21 Nov 2007
A laser-based system can diagnose decompression sickness in seconds, before the onset of physical symptoms.
Decompression sickness is a well-documented risk for divers and other people who experience sudden changes in pressure, but it's usually not detected until clinical symptoms appear. The new device could allow advance warning of the sickness by spotting microbubbles of nitrogen as small as 6 µm across in blood and tissues.
"This is a fresh idea, a technique that has not been used to detect microbubbles in blood before now," Kirill Larin of the University of Houston told optics.org. "Each test only takes a few seconds and is completely non-invasive."
Most microbubbles in the blood stream of people suffering from decompression sickness are between 5 and 15 µm, about the size of a red blood cell, and readily spotted by the technique.
The system uses optical coherence tomography (OCT), an interferometric technique that uses lasers to build up images of tissue just below the skin. In Larin's current prototype, a 1330 nm laser source with a spectral width of 110 nm and a power of 10 mW scans the subject at a scanning rate of 15 kHz. The light is delivered to an interferometer, one arm of which includes the test sample. The resulting interferogram is digitized using 14-bit analog-to-digital conversion, and the machine produces a 2D OCT image of the microbubbles present along with a graphical read out.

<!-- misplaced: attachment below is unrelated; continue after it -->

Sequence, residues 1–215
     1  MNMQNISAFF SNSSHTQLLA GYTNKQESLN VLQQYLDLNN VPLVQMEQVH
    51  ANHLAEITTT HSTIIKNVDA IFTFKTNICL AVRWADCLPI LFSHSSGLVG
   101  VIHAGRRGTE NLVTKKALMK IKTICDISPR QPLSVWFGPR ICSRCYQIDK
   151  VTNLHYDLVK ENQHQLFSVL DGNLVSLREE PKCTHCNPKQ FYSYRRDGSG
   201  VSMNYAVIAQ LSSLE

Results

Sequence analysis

Applied to the skin of a returning diver, pilot or astronaut, the technique could reveal the presence of microbubbles in seconds, so medical steps or time in a decompression chamber could be arranged before other symptoms appear.
Larin and his colleagues are now preparing for detailed animal and clinical trials to determine exactly how much advance warning the technique could provide and identify which areas of medical practice could benefit most.
"A noninvasive technique to detect microbubbles in blood and tissues has significant clinical importance, since they a potentially serious problem in a range of medical procedures including open heart surgeries, orthopedic surgery, and various laser ablation and laproscopic procedures," Larin commented. "Gas embolism can even occur during intravenous antibiotic delivery at home."
Larin believes that other applications, including imaging, diagnostic and therapeutic applications that use microbubbles for contrast or as drug delivery vehicles, will also benefit from a system able to both detect and size moving or stationary bubbles.